Sunday, 13 May 2018

may blossom and cuckoos

belted Galloways grazing the marsh

Moving along the canal, we pass through very definite wildlife neighbourhoods, even though their boundaries may be invisible to us, and the reason for those boundaries not perceptible. So, as we moved up from Bishops Cannings to this spot to the east of Pewsey, we saw the lapwings flapping around at Allingham, just as we did last year when I drew them there.

lapwings seeing off a buzzard from their nesting field
And I heard the first yellowhammers as we approached All Cannings, where we moored up briefly to dump rubbish at the bins there. Another stop at Honey Street to fill up with water, then on past Woodborough Hill where the weather started getting all dramatic, and the following wind had me scudding along rather faster than I would have liked, past the moored boats at Lady's Bridge and into the relative shelter of Widewater, where Nigel the swan was presumably resting after gorging on passing canoeists, because he was fast asleep on the nest in the reeds. Now there's a bird that's unashamedly territorial; which is of course why we called him Nigel.

Woodborough Hill, just before the rain


Here at Pains Bridge, east of Pewsey, I take my morning walks even more quietly than usual, in case I see the badgers again. It was on May morning last year I met one carrying a cub in her mouth, up the path that leads down to the young river Avon. I've not seen them again this year, but there's plenty of snufflings where they've scraped for worms, and latrines, and the occasional footprint preserved in the baked-hard mud.

the Marlborough Downs

The whitethroat is singing from the same trees as it did last year, occasionally flitting up into animated songflights. And the bullfinches cross between a hawthorn close by the boat, over to the ash tree on the other side, calling in a gentle piping that sounds like a slightly wheezy harmonium on its softest stops. They are very shy birds, but one flew up into the big oak where the kestrel sometimes perches, and hunted through the outer branches, its colours strikingly warm in the sunshine.

We hoped to hear the cuckoos here, and so we did. I've tried calling them with my swanee whistle, but either they were affronted by my performance or indifferent to it, although once the local cuckoo circled widely round the mooring, calling with a distinctively hoarse -oo following its cuck. One morning I saw two kestrels flying towards me along the canal, then as they drew level I realised that they were cuckoos.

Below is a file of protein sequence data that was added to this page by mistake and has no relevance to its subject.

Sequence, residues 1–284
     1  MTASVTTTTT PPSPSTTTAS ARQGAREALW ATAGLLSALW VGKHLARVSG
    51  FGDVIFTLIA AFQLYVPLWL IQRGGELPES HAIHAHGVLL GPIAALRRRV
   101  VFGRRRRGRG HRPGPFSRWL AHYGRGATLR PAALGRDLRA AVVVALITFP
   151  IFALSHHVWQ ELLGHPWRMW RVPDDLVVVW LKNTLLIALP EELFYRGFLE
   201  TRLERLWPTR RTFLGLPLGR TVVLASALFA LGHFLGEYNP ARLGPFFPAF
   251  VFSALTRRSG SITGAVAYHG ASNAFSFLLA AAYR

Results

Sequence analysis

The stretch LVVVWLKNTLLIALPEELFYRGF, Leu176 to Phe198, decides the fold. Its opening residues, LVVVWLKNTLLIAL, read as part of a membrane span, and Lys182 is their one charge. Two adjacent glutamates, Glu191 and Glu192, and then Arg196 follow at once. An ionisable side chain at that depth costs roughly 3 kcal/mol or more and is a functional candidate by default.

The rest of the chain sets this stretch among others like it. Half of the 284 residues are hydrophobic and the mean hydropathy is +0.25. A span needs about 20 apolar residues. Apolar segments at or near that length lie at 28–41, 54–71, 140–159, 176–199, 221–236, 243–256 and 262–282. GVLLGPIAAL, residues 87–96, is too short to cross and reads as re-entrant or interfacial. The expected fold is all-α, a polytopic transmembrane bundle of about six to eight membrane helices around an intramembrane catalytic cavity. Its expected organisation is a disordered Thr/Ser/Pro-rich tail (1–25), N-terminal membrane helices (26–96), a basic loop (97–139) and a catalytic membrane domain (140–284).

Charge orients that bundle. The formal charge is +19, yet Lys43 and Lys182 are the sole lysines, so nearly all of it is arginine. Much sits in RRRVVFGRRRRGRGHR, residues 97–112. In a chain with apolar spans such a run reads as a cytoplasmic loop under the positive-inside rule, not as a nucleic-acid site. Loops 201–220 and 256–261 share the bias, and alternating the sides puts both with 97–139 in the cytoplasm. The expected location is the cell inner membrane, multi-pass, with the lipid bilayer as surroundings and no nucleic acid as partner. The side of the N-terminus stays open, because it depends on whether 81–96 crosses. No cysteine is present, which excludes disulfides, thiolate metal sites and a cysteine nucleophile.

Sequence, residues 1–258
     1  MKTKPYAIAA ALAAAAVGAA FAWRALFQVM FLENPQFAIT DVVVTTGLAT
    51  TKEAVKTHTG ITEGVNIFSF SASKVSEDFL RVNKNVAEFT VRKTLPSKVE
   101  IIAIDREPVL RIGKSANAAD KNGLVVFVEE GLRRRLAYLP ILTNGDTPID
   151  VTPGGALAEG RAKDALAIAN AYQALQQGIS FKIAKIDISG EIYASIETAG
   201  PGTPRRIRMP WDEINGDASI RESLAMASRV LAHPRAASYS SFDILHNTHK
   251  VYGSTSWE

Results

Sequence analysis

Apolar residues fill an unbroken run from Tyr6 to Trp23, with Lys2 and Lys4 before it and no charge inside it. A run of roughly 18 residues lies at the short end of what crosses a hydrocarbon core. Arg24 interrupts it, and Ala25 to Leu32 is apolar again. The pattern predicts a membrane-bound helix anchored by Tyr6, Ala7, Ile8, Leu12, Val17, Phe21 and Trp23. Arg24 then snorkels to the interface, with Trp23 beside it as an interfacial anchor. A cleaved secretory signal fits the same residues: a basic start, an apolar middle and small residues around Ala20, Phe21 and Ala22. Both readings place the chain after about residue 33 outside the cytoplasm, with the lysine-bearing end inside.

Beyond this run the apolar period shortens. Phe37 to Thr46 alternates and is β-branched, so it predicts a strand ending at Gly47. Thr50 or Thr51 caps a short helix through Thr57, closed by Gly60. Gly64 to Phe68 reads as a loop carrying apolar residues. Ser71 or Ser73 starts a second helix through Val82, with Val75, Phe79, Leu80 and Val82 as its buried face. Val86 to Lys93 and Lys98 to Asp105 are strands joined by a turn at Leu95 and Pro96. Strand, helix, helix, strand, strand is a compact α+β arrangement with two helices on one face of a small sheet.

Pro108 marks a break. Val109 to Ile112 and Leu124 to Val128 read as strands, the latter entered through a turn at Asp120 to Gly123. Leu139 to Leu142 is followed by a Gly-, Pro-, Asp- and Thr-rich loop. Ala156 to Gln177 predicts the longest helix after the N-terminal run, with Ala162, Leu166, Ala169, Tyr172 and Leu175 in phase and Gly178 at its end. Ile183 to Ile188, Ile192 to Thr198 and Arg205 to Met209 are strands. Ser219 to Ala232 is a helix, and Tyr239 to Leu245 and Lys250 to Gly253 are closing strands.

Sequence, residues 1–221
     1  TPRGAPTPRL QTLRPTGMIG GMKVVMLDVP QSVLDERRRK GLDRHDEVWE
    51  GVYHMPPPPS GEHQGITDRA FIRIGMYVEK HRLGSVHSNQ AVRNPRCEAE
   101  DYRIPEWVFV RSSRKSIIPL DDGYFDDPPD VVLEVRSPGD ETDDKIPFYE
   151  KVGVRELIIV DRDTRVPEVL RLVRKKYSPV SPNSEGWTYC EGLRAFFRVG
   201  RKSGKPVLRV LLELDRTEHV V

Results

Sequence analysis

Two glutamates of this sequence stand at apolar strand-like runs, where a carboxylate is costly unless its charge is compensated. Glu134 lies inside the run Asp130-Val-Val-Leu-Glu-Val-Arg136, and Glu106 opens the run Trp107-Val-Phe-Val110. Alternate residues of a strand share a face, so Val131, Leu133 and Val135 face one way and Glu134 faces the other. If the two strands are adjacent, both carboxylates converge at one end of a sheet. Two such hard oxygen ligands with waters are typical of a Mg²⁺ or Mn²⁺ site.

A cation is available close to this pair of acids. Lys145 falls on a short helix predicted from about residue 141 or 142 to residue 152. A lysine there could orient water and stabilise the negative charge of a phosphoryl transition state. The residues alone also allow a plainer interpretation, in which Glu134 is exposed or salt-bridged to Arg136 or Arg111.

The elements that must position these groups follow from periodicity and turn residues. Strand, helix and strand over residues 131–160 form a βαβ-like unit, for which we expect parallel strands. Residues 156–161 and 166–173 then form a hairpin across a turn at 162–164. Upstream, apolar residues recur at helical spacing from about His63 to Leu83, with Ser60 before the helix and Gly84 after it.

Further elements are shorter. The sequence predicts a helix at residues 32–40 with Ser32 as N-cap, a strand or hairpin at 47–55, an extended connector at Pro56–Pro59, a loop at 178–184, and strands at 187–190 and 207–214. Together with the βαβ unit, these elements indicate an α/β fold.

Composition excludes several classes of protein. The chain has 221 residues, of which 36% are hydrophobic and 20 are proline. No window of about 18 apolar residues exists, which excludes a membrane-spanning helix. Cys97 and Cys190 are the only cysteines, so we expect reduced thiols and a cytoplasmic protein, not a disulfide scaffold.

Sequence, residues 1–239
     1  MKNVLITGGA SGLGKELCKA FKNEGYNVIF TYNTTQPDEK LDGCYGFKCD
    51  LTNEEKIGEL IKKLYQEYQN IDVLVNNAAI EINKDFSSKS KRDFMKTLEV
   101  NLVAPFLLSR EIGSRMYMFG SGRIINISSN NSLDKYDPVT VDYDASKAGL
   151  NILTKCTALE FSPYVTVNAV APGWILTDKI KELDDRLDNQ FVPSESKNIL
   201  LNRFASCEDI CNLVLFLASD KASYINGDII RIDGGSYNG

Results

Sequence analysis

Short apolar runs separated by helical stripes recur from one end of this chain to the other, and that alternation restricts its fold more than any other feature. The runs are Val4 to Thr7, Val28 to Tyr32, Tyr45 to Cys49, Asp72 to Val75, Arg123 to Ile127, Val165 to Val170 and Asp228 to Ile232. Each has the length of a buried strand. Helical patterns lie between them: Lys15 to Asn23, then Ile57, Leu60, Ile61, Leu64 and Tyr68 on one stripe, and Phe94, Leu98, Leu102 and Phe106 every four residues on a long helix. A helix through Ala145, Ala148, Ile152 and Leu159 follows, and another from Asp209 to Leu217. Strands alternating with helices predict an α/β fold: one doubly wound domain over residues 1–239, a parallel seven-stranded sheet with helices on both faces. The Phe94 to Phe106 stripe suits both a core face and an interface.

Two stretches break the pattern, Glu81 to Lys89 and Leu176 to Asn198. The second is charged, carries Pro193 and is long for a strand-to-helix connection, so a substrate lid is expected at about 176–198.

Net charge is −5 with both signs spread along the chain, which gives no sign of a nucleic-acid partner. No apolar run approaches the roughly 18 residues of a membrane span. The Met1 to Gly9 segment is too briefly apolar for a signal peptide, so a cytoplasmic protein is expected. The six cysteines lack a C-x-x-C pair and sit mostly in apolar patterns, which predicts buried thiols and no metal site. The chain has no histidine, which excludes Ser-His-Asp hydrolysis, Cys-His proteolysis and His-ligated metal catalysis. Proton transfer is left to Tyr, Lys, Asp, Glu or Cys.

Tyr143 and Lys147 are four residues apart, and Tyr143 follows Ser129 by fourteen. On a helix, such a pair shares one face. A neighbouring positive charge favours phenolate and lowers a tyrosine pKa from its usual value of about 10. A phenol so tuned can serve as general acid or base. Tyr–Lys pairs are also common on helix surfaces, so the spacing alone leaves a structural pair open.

The early morning bumping along the side of the boat that I've learned to associate with the hunting otter had me falling out of bed and scrambling onto the foredeck as stealthily as possible; I got there in time to see it surface in mid-canal; then it saw me and dived with a plop. Ripples and bubbles showed where it meandered over to the overhanging bushes, and then the water stilled. I think it may have a hover over there; we saw it again a few more times, and once in company with another otter.

When we arrived, just less than a fortnight ago, the hedges were white with blackthorn blossom. Then it began to fall, and a windy day blew it all away. Then the apple blossom on the wildings came, and is now falling too. 

apple blossom

The hawthorn flowers appeared as neat round buds three days ago, and the pigeons took to nibbling them. And now the flowers are beginning to open up. It's striking the difference between here and Bradford on Avon, where I went on Friday to drop off some canal maps at the Cross Guns; the difference in elevation between here in the Vale of Pewsey and there is 280 feet. But there, the hawthorn is already in full flower, the blossom appearing to cascade down the trees. 
Here's Stanley Spencer's May blossom.



The wild cherries along the wharf were sufficiently advanced for the pigeons to get interested, and there were several of them snacking away. You have to be sharp to get a bite of a wild cherry; the birds will strip the tree in next to no time, almost before the fruit is even ripe. And the blackbirds will make disapproving cluckings while you take your share. Passive aggressive little beasts.